One of the mysteries of the English language finally explained.
(in Ireland) a mercenary or member of a special class of soldiers in the service of a chieftain.
- ‘Composition involved, in Gaelic parts, the commutation of the chief's right to take up supplies for his household and quarter his kerne and galloglass on his subjects for defence.’
- ‘Like early gallowglasses, they were supporting Mael Sechnaill, king of Tara, against the Scandinavians of Dublin and his Irish rivals.’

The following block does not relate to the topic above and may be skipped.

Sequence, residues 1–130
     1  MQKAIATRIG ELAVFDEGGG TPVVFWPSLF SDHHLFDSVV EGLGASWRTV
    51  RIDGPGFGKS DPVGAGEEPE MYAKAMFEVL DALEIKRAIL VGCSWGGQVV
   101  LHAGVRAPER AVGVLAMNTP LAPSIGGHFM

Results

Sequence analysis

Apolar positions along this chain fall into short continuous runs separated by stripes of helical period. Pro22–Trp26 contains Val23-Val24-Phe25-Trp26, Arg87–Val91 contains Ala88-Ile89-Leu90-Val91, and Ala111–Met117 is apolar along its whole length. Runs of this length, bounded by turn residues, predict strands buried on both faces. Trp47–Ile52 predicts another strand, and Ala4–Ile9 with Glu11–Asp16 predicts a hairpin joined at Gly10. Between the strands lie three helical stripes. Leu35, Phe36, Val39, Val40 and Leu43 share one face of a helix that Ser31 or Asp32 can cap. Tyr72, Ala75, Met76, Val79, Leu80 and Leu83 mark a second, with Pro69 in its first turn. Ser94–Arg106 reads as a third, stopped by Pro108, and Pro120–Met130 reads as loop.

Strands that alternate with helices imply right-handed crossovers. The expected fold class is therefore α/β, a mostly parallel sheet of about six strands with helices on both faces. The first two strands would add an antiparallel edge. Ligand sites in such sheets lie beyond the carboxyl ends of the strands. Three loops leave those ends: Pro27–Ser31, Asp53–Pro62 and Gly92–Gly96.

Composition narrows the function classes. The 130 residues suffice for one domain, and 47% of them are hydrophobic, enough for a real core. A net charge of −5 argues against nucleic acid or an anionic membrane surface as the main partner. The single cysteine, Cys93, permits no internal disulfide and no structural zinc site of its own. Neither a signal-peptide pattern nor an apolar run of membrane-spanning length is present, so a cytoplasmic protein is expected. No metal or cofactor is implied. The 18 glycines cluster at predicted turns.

- ‘Dermot O'Conor Don, a valiant man, had, with a body of 1,500 kerns and gallowglasses, entered his service.’
- ‘The galloglass were renowned for their valor and steadfastness in battle - and an unbending loyalty to their employers.’
- ‘For over three centuries, up to the final defeat of the seventeenth century, they fought as gallowglasses in the struggles of Ulster, mainly on behalf of the O'Donnells.’
Late 15th century: from Irish gallóglach, from gall ‘foreigner’ and óglach ‘youth, servant, warrior’.
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